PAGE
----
Experiments carried out by the Neutrino Energy Group, the results of which were subsequently independently confirmed by ETH professor (Eidgenössische Technische Hochschule, Zürich) Vanessa Wood and her colleagues, showed that when materials are produced with sizes less than 10-20 nanometers, that is 5000 times thinner than a human hair , vibrations of the outer atomic layers on the surface of nanoparticles are large and play an important role in how this material behaves. These atomic vibrations, or "phonons", are responsible for how electrical charge and heat are transferred in materials. Considering that if the vibrations of graphene atoms, for example, are 100 times stronger than the vibrations of silicon atoms, then the superposition of the frequency of the external influence of electromagnetic radiation, including the effect of neutrinos, on the internal frequency of vibrations of graphene waves enhances such vibrations and leads to a resonance of atomic vibrations. Atomic vibrations in resonance make it possible to enhance the recoil of electrons upon contact with doped silicon.

It is necessary to dwell separately on the effect of neutrinos. It is necessary to dwell separately on the effect of neutrinos. In 2015, the Nobel Prize in Physics was awarded to Takaaki Kajita and Arthur B. McDonald, leaders of two experimental groups, Super-Kamiokande and SNO, that study the properties of neutrinos. Their work has convincingly proved that neutrinos, of which three types are known, are capable of oscillating - spontaneously transforming into each other on the fly. Neutrinos of a certain type can be born in reactions with elementary particles, and neutrinos of a certain mass can propagate in space. It is the proof of the presence of mass, and hence energy, that is the key argument for the theoretical possibility of converting neutrino energy into electric current.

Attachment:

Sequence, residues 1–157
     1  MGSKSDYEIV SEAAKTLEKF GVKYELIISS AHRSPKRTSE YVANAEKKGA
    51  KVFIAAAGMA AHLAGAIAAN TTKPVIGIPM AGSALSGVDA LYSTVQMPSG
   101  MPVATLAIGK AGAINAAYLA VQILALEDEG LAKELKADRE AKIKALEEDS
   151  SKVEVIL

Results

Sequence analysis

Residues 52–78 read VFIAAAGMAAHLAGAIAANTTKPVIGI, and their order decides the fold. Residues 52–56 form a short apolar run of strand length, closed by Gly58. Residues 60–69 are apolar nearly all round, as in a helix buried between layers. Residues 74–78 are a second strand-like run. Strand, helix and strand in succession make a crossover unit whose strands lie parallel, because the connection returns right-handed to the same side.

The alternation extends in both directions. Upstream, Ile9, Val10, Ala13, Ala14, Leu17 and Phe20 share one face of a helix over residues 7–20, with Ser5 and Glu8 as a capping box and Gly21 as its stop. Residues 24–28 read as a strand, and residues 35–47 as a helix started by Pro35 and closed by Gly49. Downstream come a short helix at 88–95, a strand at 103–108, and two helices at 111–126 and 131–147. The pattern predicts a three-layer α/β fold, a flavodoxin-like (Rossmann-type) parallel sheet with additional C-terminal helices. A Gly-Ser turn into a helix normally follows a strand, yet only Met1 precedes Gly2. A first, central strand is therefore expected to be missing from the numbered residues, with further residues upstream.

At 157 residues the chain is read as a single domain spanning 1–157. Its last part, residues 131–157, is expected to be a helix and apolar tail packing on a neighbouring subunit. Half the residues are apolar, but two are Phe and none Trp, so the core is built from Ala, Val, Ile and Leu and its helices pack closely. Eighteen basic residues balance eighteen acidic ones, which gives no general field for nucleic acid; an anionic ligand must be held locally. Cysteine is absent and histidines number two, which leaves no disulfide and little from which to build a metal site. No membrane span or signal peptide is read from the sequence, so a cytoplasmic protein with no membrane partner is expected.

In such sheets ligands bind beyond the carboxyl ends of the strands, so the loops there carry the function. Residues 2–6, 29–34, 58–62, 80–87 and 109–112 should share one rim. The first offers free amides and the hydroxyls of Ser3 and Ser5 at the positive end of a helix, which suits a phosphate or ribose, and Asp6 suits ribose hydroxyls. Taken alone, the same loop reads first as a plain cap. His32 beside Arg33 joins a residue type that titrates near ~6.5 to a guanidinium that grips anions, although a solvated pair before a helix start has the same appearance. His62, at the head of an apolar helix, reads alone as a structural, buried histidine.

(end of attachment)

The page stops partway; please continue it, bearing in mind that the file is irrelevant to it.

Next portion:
Until recently, it was believed that neutrinos do not interact with matter, and cosmic neutrinos pierce the Earth through and through, without encountering any obstacles. But the latest publications of the COHERENT collaboration at the Oak Ridge National Laboratory (USA) make it possible to complete the whole picture. Her works brought together 80 people from 19 institutes of four countries, including Russia (ITEP named after AI Alikhanov (NC "Kurchatov Institute"), MEPhI University and MIPT). The first experiments in 2017, the results of which were published in the journal Science, were aimed at studying the interaction of neutrinos with cesium and iodine nuclei. Since neutrinos are electrically neutral and very weakly interact with matter, observing this interaction required the development of detector technologies. Due to the fact that the nuclei of cesium and iodine are rather large and heavy, and neutrinos are electrically neutral and very weakly interact with matter, the recoil of nuclei from interaction with neutrinos was extremely weak and the results obtained did not allow drawing a final conclusion. Therefore, the researchers conducted experiments on the interaction of neutrinos with argon nuclei, which are lighter than the nuclei of cesium and iodine. It was found that low-energy neutrinos participate in weak interactions with argon nuclei. This process is called coherent elastic neutrino-nuclear scattering (CEvNS). A neutrino, like a tennis ball hitting a bowling ball, "hits" the large and heavy nucleus of an atom and transfers a tiny amount of energy to it. As a result, the core bounces almost imperceptibly, i.e. low-energy neutrinos participate in weak interactions with the nuclei of substances . Since graphene is carbon, the atomic mass of which is lighter than the atomic mass of argon, the effect of interaction of neutrinos with carbon nuclei will be more pronounced than with argon, and leads to an increase in the amplitude of vibrations of graphene atoms (graphene waves). Thus, it can be argued that the energy of neutrinos that fall on 1 cm2 of the earth's surface with an intensity of 60 billion particles per second can be converted into an electric current, and such a conversion should not depend on weather conditions or the season and be stable during the day. and at night.